Explaining reasons for stress, burnout and self-efficacy in direct care staff in supported aged care accommodation services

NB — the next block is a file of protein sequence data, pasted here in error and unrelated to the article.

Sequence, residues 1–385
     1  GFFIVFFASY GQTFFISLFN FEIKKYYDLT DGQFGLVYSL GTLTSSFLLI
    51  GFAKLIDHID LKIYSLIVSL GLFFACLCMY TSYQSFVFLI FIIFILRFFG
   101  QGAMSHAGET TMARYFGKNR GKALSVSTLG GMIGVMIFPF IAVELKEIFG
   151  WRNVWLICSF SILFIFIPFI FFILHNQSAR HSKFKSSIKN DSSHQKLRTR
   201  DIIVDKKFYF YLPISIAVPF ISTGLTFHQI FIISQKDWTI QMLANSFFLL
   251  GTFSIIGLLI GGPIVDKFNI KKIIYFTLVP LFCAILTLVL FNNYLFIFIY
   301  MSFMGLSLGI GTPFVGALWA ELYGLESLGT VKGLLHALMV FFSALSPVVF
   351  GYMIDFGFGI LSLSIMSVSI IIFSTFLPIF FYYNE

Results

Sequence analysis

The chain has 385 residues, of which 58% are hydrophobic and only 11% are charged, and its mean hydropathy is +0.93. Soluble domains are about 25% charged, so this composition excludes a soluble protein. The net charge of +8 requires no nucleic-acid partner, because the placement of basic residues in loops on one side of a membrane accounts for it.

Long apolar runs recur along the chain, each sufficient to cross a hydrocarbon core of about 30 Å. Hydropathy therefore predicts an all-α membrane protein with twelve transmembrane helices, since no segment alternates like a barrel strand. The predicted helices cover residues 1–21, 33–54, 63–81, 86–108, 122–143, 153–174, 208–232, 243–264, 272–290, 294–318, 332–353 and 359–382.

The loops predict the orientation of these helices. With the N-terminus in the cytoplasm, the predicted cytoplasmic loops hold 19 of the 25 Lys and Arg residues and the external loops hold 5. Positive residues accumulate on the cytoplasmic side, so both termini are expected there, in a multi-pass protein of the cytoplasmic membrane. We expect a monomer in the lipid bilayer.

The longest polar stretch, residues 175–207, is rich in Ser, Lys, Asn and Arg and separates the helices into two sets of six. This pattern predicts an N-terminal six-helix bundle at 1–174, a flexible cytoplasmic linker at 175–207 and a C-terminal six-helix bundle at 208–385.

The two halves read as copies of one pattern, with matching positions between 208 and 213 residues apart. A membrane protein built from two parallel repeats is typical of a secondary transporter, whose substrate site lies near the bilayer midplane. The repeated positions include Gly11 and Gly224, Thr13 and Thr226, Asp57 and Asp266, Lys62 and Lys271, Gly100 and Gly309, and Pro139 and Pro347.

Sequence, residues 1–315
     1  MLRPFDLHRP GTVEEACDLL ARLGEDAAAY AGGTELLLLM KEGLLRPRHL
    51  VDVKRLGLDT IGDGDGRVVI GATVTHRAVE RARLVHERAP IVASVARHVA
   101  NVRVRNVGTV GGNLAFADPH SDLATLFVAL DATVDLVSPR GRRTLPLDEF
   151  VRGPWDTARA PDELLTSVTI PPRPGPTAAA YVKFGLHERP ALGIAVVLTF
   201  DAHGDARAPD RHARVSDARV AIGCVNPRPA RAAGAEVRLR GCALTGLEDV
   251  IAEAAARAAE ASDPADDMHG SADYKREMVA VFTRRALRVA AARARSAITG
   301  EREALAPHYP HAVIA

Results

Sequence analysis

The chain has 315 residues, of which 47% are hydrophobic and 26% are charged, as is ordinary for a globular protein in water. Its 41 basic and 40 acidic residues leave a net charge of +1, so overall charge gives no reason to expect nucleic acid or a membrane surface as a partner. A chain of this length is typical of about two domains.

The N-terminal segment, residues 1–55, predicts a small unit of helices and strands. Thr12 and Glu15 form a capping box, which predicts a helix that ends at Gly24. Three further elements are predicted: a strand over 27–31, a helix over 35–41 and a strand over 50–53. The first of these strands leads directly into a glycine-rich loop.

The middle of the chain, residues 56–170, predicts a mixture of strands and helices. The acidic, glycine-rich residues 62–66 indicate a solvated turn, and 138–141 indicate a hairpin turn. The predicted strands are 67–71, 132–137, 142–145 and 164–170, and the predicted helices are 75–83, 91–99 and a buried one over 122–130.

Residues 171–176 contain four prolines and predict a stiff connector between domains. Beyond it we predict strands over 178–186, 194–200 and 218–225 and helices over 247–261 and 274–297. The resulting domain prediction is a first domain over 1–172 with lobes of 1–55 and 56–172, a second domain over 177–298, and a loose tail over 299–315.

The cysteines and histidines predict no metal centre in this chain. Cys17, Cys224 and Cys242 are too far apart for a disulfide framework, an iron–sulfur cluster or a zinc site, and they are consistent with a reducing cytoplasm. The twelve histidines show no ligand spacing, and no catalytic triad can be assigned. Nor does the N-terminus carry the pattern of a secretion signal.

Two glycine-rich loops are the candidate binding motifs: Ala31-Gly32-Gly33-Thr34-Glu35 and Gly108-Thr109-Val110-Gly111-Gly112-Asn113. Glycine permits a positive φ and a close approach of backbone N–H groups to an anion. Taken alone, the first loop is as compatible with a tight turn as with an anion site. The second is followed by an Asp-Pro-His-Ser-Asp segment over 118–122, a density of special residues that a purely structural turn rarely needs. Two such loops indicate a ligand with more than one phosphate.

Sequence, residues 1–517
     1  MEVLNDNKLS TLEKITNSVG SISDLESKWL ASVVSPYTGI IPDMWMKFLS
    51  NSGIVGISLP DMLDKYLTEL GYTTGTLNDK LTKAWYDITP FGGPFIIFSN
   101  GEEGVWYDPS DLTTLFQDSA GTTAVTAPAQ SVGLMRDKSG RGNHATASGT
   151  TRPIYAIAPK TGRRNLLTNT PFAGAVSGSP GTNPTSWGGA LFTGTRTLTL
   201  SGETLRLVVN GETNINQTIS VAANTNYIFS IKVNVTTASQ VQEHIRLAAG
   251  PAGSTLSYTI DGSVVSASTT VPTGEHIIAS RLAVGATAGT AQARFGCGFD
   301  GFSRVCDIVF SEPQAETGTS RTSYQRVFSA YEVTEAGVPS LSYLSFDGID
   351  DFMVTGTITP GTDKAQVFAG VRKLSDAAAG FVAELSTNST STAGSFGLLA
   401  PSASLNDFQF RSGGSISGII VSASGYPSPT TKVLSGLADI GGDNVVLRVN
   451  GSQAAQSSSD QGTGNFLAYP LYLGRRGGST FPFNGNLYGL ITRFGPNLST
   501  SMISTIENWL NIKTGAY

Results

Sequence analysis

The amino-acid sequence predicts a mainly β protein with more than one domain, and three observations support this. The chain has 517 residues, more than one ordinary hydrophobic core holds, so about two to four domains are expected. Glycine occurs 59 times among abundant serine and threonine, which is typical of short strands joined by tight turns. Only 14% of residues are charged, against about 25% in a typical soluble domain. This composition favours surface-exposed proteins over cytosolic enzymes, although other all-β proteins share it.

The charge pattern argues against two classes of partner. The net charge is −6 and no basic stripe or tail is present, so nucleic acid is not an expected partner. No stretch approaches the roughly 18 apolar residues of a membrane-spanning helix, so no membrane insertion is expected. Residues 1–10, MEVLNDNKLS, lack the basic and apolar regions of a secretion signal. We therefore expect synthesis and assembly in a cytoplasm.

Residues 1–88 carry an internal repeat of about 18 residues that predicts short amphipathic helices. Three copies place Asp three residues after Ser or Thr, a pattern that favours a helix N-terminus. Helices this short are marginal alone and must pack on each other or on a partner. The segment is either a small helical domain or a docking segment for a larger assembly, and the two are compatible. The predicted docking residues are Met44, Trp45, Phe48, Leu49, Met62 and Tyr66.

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The workplace environment can be a source of stress for many direct care staff who work in supported aged care accommodation services. Depression, fatigue, burnout, and heart disease are a few of the many health consequences of chronic work-related stress for these staff. This study aimed to better understand the stress phenomenon occurring in a sample of direct care staff working in the Australian supported aged care accommodation service sector. The relationship between direct care staff stress, burnout and self-efficacy for aged care work was investigated. The study was undertaken between 2007 and 2012 and conducted in 20 purposefully selected supported aged care accommodation services located in a Sydney Metropolitan regional area. Each supported service had comparable management structures, staff numbers, staff mix, older people demographics and held current Government accreditation status. A sample of 162 consenting direct care staff (registered nurses, assistant nurses, personal carers and recreational staff) completed a demographic questionnaire; the Expanded Nurse Stress Scale (ENSS); the Maslach Burnout Inventory (MBI); and General Self-efficacy Scale (GSE). Qualitative data (written narratives) were obtained from a single open-ended survey item inviting respondents to write about stressful experiences they may have encountered when interacting with the families of older people. Descriptive statistics examined the frequency of data distributions, means, standard deviations and confidence intervals for normally distributed data and median and inter quartile ranges for skewed data. Parametric tests (t-tests) were used for normally distributed variables and non-parametric tests (Spearman Rho and Kruskal Wallis) were used for non-normally distributed variables. Correlational statistics (Pearson’s correlation and Spearman’s correlation) were used to determine possible relationships between the variables of the ENSS, MBI and GSE and variables of direct care staff demographics. Thematic analyses were conducted for the written narrative responses to the single open-ended survey item on stress associated with the families of older people living in supported aged care accommodation services. The study findings confirmed high levels of stress of direct care staff was correlated with their work and with their interactions with families of older people. Strong associations were found between stress, burnout and self-efficacy for work, which were confirmed in the open-ended survey item responses. Having higher self-efficacy and valuing one’s work were identified as buffers for stress and burnout. Given the study findings, it behoves all stakeholders to enter into collaborative discussions that support and provide a healthy and satisfying work environment for all direct care staff.
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